HERE’S THE GOOD NEWS. There will be a lot of new capital coming into the oil and gas business to take advantage of this “buying” opportunity. New companies that no one has heard of, with capital from new sources, will enter the market with low debt/barrel ratios and therefore they will be more stable than their predecessors.


These companies will be shedding old methods and looking for new technology to create efficiencies and lower administration costs. Some will even begin using the “virtual” model, meaning there will be no “corporate” office in the traditional sense. They can now lean on a network of skilled and professional oil and gas personnel operating in the cloud. Technology will open up opportunities to hire the best and brightest, wherever they live. The company President can be located in New York, Geophysics, Geology and Engineering in Houston, Operations in Tulsa, Land in Dallas, and Land Service Companies all over the map.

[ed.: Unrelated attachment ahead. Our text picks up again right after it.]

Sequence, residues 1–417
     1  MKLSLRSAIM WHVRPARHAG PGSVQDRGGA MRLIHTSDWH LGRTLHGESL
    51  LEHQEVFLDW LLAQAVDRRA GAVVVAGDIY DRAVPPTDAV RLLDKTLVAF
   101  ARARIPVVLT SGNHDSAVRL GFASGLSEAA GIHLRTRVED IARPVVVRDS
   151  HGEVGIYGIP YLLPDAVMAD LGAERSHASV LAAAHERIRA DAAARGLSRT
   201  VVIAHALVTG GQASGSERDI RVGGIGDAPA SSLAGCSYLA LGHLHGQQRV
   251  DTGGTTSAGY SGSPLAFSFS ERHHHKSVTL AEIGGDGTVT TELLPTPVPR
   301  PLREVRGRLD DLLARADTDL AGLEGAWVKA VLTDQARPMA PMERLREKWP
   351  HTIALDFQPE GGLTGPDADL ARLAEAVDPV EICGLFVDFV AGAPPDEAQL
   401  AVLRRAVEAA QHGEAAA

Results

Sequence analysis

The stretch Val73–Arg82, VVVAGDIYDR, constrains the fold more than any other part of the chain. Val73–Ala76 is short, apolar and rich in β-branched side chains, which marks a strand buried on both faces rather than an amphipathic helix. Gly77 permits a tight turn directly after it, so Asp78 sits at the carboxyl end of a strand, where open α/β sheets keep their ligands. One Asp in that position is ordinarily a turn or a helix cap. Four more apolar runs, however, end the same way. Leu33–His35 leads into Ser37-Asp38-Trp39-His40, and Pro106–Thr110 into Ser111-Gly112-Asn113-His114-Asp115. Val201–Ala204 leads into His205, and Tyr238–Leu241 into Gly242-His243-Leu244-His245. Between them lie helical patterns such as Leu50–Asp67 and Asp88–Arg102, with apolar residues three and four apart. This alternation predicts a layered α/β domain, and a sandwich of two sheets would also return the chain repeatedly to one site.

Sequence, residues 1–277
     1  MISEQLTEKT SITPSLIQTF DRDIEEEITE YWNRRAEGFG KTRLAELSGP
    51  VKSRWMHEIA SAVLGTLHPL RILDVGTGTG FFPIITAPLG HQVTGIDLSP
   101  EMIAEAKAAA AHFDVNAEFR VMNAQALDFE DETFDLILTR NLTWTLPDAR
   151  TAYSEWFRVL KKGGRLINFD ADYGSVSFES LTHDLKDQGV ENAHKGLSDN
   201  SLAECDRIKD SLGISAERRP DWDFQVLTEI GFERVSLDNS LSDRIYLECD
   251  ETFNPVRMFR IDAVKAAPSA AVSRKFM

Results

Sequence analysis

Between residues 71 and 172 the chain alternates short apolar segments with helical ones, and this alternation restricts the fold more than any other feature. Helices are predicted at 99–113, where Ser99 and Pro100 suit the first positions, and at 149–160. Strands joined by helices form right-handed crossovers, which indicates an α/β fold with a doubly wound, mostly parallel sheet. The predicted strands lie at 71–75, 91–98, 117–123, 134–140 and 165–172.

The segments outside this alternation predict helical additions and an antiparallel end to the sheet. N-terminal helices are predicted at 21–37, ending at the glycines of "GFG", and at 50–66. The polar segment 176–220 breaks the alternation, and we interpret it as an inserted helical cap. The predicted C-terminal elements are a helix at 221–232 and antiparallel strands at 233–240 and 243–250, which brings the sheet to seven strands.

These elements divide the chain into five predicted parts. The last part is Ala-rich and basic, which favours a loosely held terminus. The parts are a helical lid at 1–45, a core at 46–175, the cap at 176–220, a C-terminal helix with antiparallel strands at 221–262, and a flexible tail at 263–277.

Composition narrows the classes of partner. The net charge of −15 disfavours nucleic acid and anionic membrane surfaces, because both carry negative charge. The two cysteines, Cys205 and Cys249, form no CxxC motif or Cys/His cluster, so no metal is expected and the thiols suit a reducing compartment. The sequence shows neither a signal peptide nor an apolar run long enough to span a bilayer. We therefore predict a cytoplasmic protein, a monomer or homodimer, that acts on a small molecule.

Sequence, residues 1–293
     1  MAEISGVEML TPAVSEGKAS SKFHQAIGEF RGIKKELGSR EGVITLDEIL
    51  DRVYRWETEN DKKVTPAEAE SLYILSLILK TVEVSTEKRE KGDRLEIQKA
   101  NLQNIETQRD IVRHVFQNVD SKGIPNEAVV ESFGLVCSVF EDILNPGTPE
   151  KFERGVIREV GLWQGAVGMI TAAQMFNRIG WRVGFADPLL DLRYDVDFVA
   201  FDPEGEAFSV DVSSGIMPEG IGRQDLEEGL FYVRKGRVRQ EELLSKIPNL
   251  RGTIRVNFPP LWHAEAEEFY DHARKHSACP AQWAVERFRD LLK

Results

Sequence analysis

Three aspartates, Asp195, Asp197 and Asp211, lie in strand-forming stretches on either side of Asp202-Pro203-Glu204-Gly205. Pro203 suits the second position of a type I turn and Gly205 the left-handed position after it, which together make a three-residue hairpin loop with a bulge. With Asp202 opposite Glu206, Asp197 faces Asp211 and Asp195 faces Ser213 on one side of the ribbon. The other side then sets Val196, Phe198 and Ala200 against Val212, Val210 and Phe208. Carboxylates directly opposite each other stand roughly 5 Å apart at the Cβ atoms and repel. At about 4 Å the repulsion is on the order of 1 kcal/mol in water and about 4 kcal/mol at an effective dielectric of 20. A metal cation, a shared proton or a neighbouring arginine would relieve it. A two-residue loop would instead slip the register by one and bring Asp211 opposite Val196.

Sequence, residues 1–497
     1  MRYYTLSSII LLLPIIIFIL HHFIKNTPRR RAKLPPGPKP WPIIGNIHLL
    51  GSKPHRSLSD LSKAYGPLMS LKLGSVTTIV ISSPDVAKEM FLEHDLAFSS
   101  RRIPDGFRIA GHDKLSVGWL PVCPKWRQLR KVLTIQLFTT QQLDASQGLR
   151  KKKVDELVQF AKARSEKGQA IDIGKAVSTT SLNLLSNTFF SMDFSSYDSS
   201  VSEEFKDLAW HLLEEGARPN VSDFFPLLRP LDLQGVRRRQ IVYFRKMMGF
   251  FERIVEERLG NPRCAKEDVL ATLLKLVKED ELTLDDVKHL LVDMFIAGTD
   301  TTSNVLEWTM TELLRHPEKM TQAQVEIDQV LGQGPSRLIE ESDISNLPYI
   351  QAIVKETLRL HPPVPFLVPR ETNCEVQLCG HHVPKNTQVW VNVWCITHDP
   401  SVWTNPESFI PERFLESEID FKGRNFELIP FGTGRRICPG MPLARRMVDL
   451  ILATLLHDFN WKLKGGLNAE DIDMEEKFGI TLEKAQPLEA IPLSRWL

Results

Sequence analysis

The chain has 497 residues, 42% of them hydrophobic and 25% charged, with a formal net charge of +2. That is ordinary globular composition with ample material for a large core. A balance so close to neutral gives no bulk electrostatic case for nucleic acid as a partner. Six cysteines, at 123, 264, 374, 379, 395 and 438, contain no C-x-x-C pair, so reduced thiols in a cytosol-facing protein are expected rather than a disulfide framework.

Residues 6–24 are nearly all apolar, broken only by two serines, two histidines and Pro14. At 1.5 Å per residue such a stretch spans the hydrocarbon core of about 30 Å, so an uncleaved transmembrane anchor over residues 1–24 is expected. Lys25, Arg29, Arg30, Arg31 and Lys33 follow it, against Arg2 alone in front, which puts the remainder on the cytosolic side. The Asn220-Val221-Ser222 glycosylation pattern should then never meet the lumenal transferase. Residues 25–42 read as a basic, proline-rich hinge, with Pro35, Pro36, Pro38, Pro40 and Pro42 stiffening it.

Is there danger? Yes, but opportunities for new E&P’s are boundless. Our focus is on supporting those companies willing to take on the challenge and embrace these exciting opportunities.


Tim Supple is the President of iLandMan and has been in the oil and gas industry for nearly 40 years working as a landman, broker, and E+P operator, before entering the land software About iLandMan: iLandMan has offices in Lafayette, Houston and Oklahoma City, and is an online, real-time, tract-based software tool for landmen to use every day.



Created by: Martha Mills at 1/26/2015 11:54:21 PM | 0 comments. | 1661 views.

Former First Lady Laura Bush: Now is the time to reinvest in the surface

(EDITOR’S NOTE:  In case any of our readers have not yet read Laura Bush’s recent letter to the AAPL’s Director of Publishing, the LAPL has decided to print it in this issue of our newsletter.)

To: Le’Ann P. Callihan

American Association of Professional Landmen